The Descent of the Responsible Procreation Defense: A Genealogy of an Ideology
This article traces the genealogy of responsible procreation, which has emerged as the primary defense of the same-sex marriage ban. To put it succinctly, the responsible procreation defense surmises that same-sex couples already procreate responsibly, and that the rights and responsibilities of marriage should be limited to furthering the goal of encouraging more responsible procreation by heterosexuals. This article seeks to illuminate the responsible procreation defense by tracing how it emerged and how it has functioned and fared in constitutional challenges.
What does this genealogy of responsible procreation reveal? The roots of responsible procreation are undoubtedly religious, and its presuppositions are in considerable tension with current social and legal realities. Most saliently, responsible procreation has been rejected as a justification for limiting the constitutional rights of heterosexuals. Its starring role was in welfare reform’s racialized and gendered rhetoric demonizing poor, single, black mothers. On the heels of welfare reform, Congress hastily harnessed responsible procreation for use in the Defense of Marriage Act, racing against the much-feared first state recognition of same-sex marriage. When first subjected to trial at the state level, evidence in support of responsible procreation was missing in action. But leading social conservative academics and advocates came to its rescue. Responsible procreation was rejected nonetheless as “unpersuasive” in a sleeper test case (which later was misconstrued as having accepted the defense). Eventually several state intermediate and high courts endorsed it. But now the federal government and some state governments have disavowed the defense. It has failed to withstand the rigor of its first federal trial, succumbing to the overwhelming weight of evidence against its logic. Following the federal trial, most of the arguments posited about the responsible procreation defense on appeal closely track the same types of arguments made in the briefs in Loving v. Virginia. And most courts since the federal trial have rejected it in recent challenges to various anti-gay measures. In short, the responsible procreation defense appears to be ideological, invidious, and on the wane.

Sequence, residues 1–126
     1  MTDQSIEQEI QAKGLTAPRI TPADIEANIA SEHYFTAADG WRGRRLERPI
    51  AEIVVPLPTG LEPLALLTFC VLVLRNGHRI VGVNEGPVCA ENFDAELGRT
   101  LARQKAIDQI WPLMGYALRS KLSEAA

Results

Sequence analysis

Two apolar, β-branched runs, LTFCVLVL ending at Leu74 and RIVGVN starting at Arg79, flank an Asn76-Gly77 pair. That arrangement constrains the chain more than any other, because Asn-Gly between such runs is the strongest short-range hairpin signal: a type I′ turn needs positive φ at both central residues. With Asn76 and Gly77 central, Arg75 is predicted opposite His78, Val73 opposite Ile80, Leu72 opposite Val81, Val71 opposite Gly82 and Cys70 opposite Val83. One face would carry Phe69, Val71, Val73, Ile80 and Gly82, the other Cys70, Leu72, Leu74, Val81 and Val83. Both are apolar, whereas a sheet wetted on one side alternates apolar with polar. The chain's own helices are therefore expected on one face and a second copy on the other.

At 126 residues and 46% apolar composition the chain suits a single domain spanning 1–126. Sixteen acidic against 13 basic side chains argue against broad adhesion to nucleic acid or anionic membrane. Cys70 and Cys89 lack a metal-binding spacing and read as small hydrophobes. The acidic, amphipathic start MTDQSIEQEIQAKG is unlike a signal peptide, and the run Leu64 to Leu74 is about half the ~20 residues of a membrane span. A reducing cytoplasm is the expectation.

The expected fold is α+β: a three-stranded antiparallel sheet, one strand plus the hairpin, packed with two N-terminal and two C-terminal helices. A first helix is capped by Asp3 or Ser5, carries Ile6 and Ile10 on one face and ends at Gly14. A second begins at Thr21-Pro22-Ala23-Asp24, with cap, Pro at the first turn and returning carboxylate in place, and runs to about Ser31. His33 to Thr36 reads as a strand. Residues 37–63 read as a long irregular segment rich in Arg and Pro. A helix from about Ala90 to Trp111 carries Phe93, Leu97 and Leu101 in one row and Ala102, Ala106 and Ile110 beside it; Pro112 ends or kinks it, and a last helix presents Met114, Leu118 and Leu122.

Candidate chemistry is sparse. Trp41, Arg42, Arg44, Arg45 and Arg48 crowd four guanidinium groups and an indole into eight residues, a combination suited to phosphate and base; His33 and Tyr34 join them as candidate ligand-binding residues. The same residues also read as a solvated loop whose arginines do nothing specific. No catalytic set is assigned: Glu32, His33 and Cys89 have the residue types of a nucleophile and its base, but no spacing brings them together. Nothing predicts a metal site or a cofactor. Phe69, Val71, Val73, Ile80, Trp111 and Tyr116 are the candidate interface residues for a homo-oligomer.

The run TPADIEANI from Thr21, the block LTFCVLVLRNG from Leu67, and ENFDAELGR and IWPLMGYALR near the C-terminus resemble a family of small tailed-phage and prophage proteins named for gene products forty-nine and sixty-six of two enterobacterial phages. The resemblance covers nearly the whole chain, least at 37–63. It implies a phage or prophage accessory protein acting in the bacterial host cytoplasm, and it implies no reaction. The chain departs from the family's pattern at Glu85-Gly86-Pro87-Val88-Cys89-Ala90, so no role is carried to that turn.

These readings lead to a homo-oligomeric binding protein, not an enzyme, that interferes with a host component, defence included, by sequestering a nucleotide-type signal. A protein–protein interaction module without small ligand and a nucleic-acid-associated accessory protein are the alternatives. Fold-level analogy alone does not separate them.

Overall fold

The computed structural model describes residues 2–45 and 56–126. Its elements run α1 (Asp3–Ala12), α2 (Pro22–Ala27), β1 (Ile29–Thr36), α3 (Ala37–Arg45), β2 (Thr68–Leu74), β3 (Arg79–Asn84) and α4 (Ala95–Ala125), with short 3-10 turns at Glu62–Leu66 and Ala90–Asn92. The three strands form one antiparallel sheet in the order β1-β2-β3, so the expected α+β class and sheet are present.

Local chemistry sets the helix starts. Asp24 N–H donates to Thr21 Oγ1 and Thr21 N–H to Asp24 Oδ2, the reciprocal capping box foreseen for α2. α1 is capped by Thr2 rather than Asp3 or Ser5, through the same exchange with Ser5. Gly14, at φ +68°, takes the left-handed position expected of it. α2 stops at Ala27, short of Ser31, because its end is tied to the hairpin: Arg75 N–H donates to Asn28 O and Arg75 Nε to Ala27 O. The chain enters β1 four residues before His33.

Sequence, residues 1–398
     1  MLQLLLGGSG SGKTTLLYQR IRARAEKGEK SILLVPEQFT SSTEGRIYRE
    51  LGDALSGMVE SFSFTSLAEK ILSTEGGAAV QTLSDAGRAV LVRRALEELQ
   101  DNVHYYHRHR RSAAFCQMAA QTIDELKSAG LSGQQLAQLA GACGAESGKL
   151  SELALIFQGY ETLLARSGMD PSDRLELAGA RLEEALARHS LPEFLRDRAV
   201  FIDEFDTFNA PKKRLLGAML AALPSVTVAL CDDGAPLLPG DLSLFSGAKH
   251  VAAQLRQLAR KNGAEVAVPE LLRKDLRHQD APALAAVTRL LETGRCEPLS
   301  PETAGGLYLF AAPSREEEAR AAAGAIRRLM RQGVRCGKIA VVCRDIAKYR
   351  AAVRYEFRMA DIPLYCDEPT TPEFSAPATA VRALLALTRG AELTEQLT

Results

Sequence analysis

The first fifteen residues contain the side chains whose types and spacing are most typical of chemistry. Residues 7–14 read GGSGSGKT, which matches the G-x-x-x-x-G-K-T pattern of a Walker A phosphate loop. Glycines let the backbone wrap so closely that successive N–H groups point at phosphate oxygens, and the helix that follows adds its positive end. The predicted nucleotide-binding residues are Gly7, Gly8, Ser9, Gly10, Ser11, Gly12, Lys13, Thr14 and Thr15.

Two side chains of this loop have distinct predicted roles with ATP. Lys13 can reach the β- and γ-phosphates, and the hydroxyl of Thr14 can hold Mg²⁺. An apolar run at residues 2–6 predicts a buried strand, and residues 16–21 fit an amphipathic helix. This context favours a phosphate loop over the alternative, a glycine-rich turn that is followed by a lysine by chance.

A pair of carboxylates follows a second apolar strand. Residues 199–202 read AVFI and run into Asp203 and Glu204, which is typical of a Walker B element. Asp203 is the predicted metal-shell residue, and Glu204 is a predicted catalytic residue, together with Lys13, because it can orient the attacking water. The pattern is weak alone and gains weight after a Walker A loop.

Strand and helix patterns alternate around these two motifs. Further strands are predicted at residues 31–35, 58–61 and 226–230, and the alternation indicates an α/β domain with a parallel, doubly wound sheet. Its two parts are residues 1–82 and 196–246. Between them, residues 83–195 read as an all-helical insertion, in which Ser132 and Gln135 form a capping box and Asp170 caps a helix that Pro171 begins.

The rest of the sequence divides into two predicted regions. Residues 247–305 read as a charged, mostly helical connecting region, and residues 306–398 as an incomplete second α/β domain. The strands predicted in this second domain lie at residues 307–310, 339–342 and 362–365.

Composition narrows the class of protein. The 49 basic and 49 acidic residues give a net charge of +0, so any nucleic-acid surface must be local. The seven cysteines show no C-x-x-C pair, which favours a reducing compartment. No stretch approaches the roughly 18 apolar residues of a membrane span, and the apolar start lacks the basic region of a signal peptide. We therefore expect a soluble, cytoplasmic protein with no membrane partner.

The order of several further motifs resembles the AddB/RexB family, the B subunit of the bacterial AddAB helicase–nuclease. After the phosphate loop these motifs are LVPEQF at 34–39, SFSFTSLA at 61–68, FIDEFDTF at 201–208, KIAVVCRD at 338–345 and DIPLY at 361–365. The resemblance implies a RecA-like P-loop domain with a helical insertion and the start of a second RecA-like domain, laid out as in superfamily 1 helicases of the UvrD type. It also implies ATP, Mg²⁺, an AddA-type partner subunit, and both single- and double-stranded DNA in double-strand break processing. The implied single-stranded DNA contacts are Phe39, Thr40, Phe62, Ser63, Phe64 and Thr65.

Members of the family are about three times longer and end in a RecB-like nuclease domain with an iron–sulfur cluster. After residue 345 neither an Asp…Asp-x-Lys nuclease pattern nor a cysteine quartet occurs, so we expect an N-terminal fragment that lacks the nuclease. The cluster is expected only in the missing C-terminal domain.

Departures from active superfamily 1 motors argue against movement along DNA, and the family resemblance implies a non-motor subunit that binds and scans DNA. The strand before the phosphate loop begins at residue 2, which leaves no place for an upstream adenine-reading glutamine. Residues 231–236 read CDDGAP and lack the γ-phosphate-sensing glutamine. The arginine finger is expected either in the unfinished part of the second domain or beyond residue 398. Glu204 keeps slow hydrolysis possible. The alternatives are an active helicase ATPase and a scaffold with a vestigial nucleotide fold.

Julie A. Nice. "The Descent of the Responsible Procreation Defense: A Genealogy of an Ideology" Loyola of Los Angeles Law Review (2012). Available at: http://ssrn.com/abstract=1990554